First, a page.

The Day I Became a Woman

I became a woman in fifth grade. 

Before the start of school, I had felt something wet in my underwear, and when I went to the bathroom to check, I noticed that, in the toilet bowl, there were little droplets of red. My heart dropped, and my heart rate soared. Your period is something you learn in health class, not something my ten-year-old self expected to experience first hand. 

I reached for some toilet paper, wanting to confirm my predicament again. Red, red, red. 

Mornings were already a source of stress, but this, plus the fact that I was home alone with just my dad was simply way too much. I had never been late to a day of school, and today was not going to be the first. 

“Ba Ba!” I yelled from the toilet seat. “I started my period!” 

What terrible timing, I thought, and so close to summer break as well!

My father opened the bathroom door, exasperated, and reached under the cabinet to give me some strange floral plastic package. “Put this on,” he told me.

I cautiously unwrapped it, peeling the pad from its wrapper. It looked like a rounded airplane, with its long shape and flaps. The flaps were the most confusing part, and I couldn’t get them to stick perfectly flat, but I had no time to perfect it.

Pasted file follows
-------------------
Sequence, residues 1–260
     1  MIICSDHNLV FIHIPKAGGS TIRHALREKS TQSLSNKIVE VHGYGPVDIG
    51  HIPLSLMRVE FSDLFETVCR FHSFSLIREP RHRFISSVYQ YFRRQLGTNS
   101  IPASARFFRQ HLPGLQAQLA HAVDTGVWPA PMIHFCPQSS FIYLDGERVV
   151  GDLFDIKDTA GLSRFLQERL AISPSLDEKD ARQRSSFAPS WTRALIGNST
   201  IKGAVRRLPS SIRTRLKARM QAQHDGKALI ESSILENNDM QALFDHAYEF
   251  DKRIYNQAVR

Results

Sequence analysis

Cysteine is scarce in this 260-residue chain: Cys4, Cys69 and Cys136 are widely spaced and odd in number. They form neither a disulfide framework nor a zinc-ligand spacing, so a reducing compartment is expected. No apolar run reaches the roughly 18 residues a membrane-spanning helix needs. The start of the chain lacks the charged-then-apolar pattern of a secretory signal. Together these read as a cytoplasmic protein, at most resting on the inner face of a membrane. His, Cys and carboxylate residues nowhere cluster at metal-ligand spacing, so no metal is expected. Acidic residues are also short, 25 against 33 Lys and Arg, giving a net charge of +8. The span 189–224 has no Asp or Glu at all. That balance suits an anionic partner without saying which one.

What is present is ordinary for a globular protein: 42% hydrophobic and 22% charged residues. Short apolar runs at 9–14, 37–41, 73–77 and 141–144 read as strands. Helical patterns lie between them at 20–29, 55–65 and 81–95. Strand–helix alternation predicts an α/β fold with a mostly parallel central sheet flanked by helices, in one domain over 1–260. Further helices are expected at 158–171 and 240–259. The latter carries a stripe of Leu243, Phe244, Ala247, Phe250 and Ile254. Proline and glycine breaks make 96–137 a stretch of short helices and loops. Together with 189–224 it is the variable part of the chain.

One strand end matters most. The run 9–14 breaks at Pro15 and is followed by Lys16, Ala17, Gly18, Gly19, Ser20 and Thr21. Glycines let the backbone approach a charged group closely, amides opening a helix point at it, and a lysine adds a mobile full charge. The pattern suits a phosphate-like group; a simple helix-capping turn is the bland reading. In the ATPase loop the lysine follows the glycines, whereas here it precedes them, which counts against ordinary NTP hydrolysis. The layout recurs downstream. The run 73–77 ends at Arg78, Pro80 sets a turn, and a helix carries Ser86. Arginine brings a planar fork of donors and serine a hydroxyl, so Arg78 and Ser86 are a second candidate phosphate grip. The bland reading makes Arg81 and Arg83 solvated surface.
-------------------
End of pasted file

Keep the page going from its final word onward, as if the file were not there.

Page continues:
I remember this day so vividly because of just how awkward it was waddling around with a pad for the first time. I was constantly taking bathroom trips to adjust it, constantly pulling at the back of my pants, and constantly worried I was bleeding through. Wearing a pad for the first time felt like wearing an adult diaper, except I wasn’t actually an adult. 

To many girls, having your first period is a day of excitement and stress. It marks a coming of age. To me, however, getting my first period was none of those things. When I told my mom later that night that I had bled for the first time, she showed me where her stash of pads were and explained how to correctly put one on. It was never a special occasion to be celebrated. The first day I bled was treated as the normal, monthly occurrence it was. 

After a couple of years, I would later realize my dad had actually handed me a night pad and that was why it was so uncomfortable walking around with it the entire day. 

Thank you for reading this short story by Angel Liang, our staff writer! Stay tuned for more works by Angel in the future and read more about her here. Stay tuned for future literary works by Angel and our other writers.

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